Next, encourage your employees to write honest Glassdoor reviews and share company updates on social. A satisfied employee is going to be a great selling point for joining your company. You may even want to add employee bio to your website to add some personality.

Essentially, you need to ask, if potential candidates do a Google search for my company, what will they find? What does the company say about itself and what do your employees say about your company?

Ask the Right Questions

As you’re preparing to interview candidates, rank the core values you’d like to see in the ideal candidate. Then create interview questions to help measure each core value. This helps you determine if a candidate will mesh with your team and make sure the goals of your company are aligned with the goals of your future employee. Below are a few sample questions that will help you determine if a candidate is a good culture fit. 

  • 3068875-poster-p-1-exactly-what-not-to-say-when-negotiating-your-salaryWhat is your ideal work environment?
  • Tell me about the best boss you’ve ever had.
  • What sort of management style will compel you to go the extra mile?
  • What was the best thing about your last job?
  • How would your co-workers describe you?
  • Do you prefer working alone or as part of a team?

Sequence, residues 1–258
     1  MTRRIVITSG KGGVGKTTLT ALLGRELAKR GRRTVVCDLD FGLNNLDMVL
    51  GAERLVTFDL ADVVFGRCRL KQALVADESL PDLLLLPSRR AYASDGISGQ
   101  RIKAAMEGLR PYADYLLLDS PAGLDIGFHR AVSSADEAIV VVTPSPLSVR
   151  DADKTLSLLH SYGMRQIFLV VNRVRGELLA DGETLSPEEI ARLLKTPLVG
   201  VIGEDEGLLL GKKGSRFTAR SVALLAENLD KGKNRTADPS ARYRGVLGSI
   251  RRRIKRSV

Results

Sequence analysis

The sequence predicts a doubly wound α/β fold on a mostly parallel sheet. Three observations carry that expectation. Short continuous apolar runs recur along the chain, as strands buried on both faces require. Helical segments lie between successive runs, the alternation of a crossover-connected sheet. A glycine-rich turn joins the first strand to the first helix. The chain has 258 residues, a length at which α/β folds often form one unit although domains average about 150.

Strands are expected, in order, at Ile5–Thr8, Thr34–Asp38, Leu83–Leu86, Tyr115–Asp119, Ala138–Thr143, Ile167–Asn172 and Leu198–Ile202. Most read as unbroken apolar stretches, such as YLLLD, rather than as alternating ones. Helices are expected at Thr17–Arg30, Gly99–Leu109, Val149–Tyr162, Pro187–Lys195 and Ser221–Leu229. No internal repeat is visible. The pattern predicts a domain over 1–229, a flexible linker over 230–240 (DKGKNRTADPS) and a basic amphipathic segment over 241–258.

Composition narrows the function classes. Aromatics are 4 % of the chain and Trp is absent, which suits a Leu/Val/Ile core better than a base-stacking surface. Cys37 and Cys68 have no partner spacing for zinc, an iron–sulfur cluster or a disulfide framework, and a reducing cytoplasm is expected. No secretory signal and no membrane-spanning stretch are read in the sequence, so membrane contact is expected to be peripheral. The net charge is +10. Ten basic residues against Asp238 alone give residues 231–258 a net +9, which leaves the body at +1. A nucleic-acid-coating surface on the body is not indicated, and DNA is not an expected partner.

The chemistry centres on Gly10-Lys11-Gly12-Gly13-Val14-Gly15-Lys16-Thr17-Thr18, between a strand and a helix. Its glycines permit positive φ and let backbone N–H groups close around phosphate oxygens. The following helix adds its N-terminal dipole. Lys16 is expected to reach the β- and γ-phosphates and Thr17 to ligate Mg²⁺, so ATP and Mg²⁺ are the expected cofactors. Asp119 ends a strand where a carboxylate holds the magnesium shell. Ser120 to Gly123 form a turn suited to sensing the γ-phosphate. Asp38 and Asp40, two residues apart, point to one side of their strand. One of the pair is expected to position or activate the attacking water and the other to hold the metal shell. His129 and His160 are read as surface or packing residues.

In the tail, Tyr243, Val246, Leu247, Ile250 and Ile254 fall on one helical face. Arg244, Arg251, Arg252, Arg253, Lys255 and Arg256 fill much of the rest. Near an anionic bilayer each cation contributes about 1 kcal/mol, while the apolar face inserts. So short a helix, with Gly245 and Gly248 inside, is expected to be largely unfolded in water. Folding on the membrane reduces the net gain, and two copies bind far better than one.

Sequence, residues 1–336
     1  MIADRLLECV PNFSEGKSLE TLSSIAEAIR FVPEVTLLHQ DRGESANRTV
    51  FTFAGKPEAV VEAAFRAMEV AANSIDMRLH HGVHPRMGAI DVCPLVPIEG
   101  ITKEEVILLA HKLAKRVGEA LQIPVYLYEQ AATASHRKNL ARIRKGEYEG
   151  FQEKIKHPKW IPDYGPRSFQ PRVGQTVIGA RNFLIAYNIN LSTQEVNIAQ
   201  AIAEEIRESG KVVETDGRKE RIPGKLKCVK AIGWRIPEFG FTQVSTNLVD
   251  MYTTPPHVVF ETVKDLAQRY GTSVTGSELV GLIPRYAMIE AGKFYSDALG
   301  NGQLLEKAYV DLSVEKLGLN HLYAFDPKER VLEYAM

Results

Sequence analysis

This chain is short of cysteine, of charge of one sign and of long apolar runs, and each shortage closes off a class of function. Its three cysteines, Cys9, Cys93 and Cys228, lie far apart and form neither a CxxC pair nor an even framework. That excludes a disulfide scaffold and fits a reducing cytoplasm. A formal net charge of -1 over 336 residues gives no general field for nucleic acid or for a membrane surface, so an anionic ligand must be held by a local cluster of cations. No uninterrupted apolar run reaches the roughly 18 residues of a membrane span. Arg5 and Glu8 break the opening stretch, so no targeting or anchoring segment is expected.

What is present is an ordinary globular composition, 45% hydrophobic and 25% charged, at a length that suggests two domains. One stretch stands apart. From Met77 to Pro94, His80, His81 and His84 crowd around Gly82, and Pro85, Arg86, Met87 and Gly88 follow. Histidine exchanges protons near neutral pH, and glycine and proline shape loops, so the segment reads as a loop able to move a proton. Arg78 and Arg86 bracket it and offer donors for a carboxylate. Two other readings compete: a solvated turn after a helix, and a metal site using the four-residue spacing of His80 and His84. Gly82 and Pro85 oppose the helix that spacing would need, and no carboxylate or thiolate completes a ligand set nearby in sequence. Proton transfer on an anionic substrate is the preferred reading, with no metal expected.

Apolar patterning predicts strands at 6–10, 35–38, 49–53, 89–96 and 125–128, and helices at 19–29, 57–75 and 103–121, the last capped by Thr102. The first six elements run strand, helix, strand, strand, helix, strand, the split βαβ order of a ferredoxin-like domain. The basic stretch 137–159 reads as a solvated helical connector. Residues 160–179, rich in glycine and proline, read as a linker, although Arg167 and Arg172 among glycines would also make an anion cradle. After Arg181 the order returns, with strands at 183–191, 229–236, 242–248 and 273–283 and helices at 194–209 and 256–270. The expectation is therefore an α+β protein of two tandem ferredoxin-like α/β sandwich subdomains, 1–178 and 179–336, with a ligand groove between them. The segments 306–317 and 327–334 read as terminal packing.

• What kind of work environment would make you unhappy?
  • What were the most positive cultural elements at your last job?
  • What are your expectations of your management team?

Note Body Language Attitude and Tone

In addition to listening to the candidate’s answers to your questions, take note of her body language and attitude. Her physical reactions to your questions may cue you into what she likes or dislikes, especially when you’re describing the current culture. You’ll also likely notice a candidate “light up” when talking about a project or work she’s passionate about.

Candidates have likely rehearsed answers to questions they anticipated hearing. Paying attention to body language and tone helps you separate genuine answers from those they know you want to hear. Stilted language should cue you in to the rehearsed answers and a more relaxed tone likely means they’re thinking through an answer on the spot.

Include Multiple Team Members in Interview

It’s essential to have an HR representative and hiring manager interview your candidate, but you should also include potential future team members that will work closely with the new hire. While they may not be able to properly asses a candidate’s ability to take on the role from a skill set perspective, they should be able to gauge the candidate’s culture fit.

Not only can your current employees find someone they’ll want to work with, but the candidate can determine how well she’ll mesh well with the existing team

Schedule an Outing

During the interview, a candidate is likely feeling nervous and carefully watching what they say. To get a better sense of their true personality, invite your top candidates out of a more casual outing with their potential future team. Whether it’s lunch, happy hour or a team-building activity, you’ll get a better sense of how she jives with the team and what she’ll be like at the office. 

If this all seems too overwhelming and are still struggling to identify culture fit, contact the team at PeopleFoundry to help you find the perfect candidate.